Size: 182mm x 246mm
Frame: Black – Mount: White
Available as a Fine Art Print and Greetings Card
Original Painting Medium: Watercolour
Scientific Name: Psalidognathus friendii
Region: South America
For this subject, I decided to use watercolours. The body of the beetle was iridescent, the body shimmered with a myriad of colours that appeared to change with the light and until I started this watercolour painting I was unaware of how beautifully striking these insects can be.
There are 370,000 species of beetle described to date and a number are of relatively large size, have remarkable forms, and bright, often metallic, colours. Studies of the immensely rich insect fauna of tropical rainforests are still in their infancy. Recent investigations have led entomologists to predict that many beetle species still await discovery.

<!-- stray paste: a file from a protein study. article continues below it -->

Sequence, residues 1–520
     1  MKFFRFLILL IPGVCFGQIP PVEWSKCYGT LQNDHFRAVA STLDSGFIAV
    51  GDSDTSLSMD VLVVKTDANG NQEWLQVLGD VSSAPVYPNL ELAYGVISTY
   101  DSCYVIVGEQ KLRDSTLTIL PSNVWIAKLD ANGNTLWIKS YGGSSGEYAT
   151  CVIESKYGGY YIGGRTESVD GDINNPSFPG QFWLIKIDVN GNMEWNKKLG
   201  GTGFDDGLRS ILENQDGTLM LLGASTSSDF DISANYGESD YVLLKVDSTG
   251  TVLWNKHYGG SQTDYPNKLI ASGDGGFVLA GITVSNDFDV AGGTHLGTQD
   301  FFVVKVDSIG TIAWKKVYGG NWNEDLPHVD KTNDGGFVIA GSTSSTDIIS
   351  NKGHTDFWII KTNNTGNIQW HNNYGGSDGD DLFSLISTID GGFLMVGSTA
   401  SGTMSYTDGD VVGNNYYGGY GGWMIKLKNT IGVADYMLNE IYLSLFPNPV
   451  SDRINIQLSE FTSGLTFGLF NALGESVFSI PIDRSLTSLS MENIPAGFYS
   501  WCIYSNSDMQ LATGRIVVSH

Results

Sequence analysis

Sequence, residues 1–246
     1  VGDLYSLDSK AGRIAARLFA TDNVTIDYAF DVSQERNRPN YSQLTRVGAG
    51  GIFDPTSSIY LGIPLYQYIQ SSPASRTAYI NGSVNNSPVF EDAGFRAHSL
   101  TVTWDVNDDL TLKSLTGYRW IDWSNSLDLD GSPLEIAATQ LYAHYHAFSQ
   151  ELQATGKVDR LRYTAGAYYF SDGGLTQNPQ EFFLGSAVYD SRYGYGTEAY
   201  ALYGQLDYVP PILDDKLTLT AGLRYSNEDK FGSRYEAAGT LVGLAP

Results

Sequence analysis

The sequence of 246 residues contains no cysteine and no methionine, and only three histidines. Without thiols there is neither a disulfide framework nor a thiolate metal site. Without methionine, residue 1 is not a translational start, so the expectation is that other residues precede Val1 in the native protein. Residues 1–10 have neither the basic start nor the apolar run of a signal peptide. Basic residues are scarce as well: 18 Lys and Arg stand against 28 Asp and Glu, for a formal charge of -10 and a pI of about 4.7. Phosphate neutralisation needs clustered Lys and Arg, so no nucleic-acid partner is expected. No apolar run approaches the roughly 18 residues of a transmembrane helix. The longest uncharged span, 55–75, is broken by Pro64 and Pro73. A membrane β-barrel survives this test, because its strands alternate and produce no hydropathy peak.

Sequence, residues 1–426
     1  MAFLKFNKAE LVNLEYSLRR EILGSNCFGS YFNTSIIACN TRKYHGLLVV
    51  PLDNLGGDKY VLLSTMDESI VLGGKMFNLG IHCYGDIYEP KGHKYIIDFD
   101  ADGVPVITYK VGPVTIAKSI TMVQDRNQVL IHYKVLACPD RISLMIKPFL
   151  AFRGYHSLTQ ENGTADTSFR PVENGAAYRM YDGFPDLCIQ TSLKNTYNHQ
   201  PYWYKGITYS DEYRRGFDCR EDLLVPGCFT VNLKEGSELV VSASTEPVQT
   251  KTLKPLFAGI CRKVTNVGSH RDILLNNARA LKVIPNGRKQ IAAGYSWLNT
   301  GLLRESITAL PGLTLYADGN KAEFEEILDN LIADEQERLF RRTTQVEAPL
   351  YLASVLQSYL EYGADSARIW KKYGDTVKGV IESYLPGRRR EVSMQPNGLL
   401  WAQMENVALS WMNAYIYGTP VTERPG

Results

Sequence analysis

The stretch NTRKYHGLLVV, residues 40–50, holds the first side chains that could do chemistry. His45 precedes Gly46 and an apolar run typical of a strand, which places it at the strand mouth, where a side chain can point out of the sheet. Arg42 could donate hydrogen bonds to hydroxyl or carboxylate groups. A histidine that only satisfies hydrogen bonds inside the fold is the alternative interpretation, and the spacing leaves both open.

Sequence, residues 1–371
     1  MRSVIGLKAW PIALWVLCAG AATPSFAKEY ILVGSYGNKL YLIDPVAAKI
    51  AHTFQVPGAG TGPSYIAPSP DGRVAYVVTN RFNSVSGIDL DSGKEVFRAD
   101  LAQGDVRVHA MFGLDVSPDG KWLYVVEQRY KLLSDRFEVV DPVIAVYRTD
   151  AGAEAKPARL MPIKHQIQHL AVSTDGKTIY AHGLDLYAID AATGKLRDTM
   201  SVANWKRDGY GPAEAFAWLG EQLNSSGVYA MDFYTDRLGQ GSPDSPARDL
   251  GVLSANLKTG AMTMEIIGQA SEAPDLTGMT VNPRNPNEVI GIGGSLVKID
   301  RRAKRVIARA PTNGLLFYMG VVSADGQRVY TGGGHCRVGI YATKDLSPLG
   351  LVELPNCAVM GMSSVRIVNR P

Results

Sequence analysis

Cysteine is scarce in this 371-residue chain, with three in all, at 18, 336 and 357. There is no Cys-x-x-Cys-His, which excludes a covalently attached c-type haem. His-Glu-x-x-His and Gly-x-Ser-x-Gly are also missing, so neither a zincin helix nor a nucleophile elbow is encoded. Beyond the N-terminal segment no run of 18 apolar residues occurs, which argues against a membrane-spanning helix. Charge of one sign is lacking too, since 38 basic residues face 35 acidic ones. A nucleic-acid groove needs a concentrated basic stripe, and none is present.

Beetles provide a vital service. Their impact on the world around us is through three types of activity: direct feeding on plants (including fungi), breaking down animal and plant debris, and preying on other invertebrates.
In order to identify my beetle, I contacted the Wiltshire Wildlife Trust County Recorder and Beetle expert, Michael Derby. In response to my request for help, he gave me the contact details of Maxwell Barclay, the Curator of the Coleoptera Department of Entomology at the Natural History Museum in London and Max very kindly replied with an identification.
My beetle is a female longhorn beetle, genus Psalidognathus. These flying beetles have larvae that live in dead wood in the tropical forests of South America. They serve a useful purpose in hastening the breakdown of dead wood and the return of nutrients to the soil.
Thanks to Michael from the Wiltshire Wildlife Trust for pointing me in the right direction and a big thank you to Max at the Natural History Museum for all the information – a lovely conclusion to my quest.